As many people now know, marijuana is located in the Schedule I category of illicit drugs after being "temporarily" placed there by Nixon until further research could be completed. By definition, these drugs have no accepted medical use, a high potential for abuse and are deemed too dangerous to use even under the care of a physician. If we are to have rational conversations about how to best regulate marijuana in the U.S., a necessary step is removing it from this category. Until this happens, the conflict between state and Federal law will continue to impede the tax and regulate reality that a majority of Americans favor. Bringing marijuana out of an illicit market and into a tax and regulate regime not only saves taxpayers millions, it prevents the devastation associated with arresting 750,000 people per year for marijuana related offenses.
2. Decriminalize the possession of small amounts of drugs
Of the inmates residing in federal prisons as of September 2011, more than half (50.4 percent) were serving sentences for federal drug offenses, including simple possession. At the same time, a large treatment gap exists in the U.S. with an estimated 90 percent of people who need drug treatment not receiving it. According to a 2010 report from the Justice Policy Institute, "Treatment delivered in the community is one of the most cost-effective ways to prevent crimes and costs approximately $20,000 less than incarceration per person per year."
3. Reduce the presence of the illicit market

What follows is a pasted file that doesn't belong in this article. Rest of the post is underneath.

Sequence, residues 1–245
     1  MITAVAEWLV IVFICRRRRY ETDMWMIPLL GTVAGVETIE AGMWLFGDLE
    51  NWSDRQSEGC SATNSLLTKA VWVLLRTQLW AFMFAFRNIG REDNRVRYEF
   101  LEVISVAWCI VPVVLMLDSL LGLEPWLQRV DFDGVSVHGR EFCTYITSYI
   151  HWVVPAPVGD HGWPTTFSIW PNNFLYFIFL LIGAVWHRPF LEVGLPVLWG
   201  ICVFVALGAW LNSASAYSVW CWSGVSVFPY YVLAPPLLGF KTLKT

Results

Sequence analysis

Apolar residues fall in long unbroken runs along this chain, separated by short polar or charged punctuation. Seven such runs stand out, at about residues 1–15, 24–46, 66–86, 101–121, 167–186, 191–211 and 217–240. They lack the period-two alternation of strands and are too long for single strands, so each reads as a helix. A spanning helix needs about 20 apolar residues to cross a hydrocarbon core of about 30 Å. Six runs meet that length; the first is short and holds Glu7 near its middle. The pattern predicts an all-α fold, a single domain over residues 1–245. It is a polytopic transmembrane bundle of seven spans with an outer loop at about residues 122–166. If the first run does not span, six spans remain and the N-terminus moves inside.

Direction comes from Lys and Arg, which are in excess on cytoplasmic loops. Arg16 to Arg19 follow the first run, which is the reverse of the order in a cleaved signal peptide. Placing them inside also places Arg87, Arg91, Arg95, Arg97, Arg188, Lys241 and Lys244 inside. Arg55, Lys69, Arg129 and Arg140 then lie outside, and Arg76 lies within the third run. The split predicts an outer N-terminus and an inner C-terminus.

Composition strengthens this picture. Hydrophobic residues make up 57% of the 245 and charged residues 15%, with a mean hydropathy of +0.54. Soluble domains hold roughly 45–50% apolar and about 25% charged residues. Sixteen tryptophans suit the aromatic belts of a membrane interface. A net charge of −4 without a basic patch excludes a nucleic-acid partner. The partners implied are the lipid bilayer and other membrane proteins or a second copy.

Much of the violence associated with drugs is not because of the drug user, but rather the illicit market that has built up around the drug trade. While the U.S. might not be ready for a licit cocaine or heroin market, there are ways to reduce the presence of the illicit market while still exerting control over use. For example, Canada, Switzerland, the Netherlands and the UK have all piloted heroin assisted treatment (HAT) programs in which those dependent on opiates are administered heroin by a physician. A 2007 evaluation of these programs published in the Journal of Urban Health concluded that, "studies above have demonstrated in several different contexts that the implementation of HAT is feasible, effective, and safe as a therapeutic intervention". Recently New Zealand has come on board with their own plan to reduce the illicit market and safety hazards associated with newly developed recreational drugs by allowing the substances to be tested, licensed and brought to market in a legitimate way.